New David Gulpilil exhibition debuts at Tandanya

Running until September, the exhibition features work by the iconic Indigenous artist, actor, and cinematic extraordinaire, David Gulpilil, and his family.

Image: Tandanya National Aboriginal Cultural Institute. 

New exhibit Djungi Gulpilil, an exhibition of stunning traditional works by Yolŋu artists from Northeast Arnhem Land, who are all closely related to actor, painter, dancer and singer David Gulpilil, has debuted at the Tandanya National Aboriginal Cultural Institute.

Through documentary My Name is Gulpilil, David tells his own story, and now, through Djungi Gulpilil, his family share their deep connection to David, one another and Country, and the importance of the ongoing living connection to culture, education, language and kinship. Following the nation-wide success of the documentary, Djungi Gulpilil, which runs until September 18 in the Western gallery, adds to suite of works which honour and celebrate the life and career actor, dancer, singer, and painter David Gulpilil. Gulpilil is a Yolŋu man whose country is Gulparil Marwuyu, near the Ramingining township in the NT.

Bula’bula artists featured in the exhibition include the acclaimed painter Philip Gudthaygudthay, whois culturallyGulpilil’s gutharra (grandson), Gulpilil’s yapas (sisters) Evonne Munuyngu and his twin, leading weaver Mary Dhapalanay, and long ago galay (wife) R Djunginy.

Gulpilil’s waku (nephew) Bobby Bununggurr is a singer, dancer, law man and advocate for reconciliation. His paintings are an insight into Yolŋu life from both the old days and now. Gulpilil and Bununggurr travelled extensively in their youth, performing, dancing and singing as ambassadors for Yolŋu culture throughout the 1970s and 80s.

“We are all related. This is David’s family. This is how we stay together, through our culture, through our Country. We are Gurrwiliny People- Swamp People,” Bobby Bununggurr says.

After being diagnosed with lung cancer in 2017, Gulpilil retired from the silver screen two years later, relocating to Adelaide to receive treatment. Now separated from his kin, culture and land, he yearns for his country and family.

Responding to Gulpilil’s cultural aches – the exhibition brings his yearnings closer through artwork that reminds him of his beginnings. Through this, the Djungi Gulpilil exhibit honors not only Gulpilil’s work, but the strong Yolŋu culture that binds the family together. Featured work will showcase Gulpilil’s own paintings, King Brown and Bluetongue lizard on loan AGSA, and prints and weavings by Gulpilil and his family, many of which are prolific artists themselves.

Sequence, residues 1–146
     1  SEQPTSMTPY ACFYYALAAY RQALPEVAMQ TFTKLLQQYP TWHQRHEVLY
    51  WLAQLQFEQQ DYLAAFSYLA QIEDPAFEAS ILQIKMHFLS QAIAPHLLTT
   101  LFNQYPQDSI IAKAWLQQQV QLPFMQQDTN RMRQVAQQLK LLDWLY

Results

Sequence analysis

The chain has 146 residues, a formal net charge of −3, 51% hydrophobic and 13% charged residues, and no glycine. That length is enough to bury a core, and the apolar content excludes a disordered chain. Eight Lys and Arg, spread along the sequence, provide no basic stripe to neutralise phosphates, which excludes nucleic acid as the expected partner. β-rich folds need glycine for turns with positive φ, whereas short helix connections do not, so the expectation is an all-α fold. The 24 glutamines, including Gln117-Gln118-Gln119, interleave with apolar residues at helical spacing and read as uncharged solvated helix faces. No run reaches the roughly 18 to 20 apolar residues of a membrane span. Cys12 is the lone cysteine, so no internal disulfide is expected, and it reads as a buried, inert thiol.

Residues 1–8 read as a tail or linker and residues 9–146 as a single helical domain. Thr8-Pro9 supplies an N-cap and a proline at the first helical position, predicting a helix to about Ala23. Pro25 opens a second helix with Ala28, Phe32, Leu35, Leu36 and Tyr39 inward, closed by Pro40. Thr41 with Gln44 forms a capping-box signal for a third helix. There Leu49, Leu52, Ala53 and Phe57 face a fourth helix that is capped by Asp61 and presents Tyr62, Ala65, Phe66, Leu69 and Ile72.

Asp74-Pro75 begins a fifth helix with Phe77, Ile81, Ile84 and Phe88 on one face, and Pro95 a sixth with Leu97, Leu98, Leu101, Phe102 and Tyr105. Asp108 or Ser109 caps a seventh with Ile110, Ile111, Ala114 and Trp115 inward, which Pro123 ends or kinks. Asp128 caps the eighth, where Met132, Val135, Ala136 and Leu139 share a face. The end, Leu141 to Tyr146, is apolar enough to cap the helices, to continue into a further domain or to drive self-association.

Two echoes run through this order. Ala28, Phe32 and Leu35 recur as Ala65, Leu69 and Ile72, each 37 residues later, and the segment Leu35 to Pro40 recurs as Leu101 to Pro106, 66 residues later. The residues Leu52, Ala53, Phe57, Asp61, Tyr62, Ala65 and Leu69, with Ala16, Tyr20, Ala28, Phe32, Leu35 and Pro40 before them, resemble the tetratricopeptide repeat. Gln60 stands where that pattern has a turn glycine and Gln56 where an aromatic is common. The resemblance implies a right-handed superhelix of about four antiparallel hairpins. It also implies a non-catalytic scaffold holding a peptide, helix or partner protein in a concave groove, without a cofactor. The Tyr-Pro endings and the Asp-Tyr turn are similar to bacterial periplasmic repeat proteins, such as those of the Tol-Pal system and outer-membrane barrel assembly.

The Djungi Gulpilil Exhibition will air a curated selection of free movie screenings running Monday to Saturday at 1pm, made with and by the Yolngu community. The screenings include Gulpilil’s most notable films, such as Charlie’s Country (2014) and Ten Canoes (2006).

His latest and last film, an intimate documentary aptly titled My Name is Gulpilil, directed by Australian filmmakers Rolf de Heer and Molly Reynolds, will also showcase during the exhibition period. The film documents Gulpilil grappling with his cancer diagnosis while marking the end of a two-decade-long collaboration between the trio.

Earlier this year, the significance of Gulpilil’s legacy was preserved in a street mural painted by Ngarrindjeri man, Thomas Readett, on Tandanya’s Eastern walls. 

Commissioned by ABCG films in collaboration with the National Aboriginal Cultural Institute, the artwork depicts four illustrations of Gulpilil from his youth until the present day.

The Djungi Gulpilil is presented in collaboration with Tandanya, ABCG film, Bula Aboriginal Arts, AFF youth and Arts SA and is co-curated by Molly Renyolds.

To find out more, visit the Tandanya National Aboriginal Cultural Institute Facebook page.

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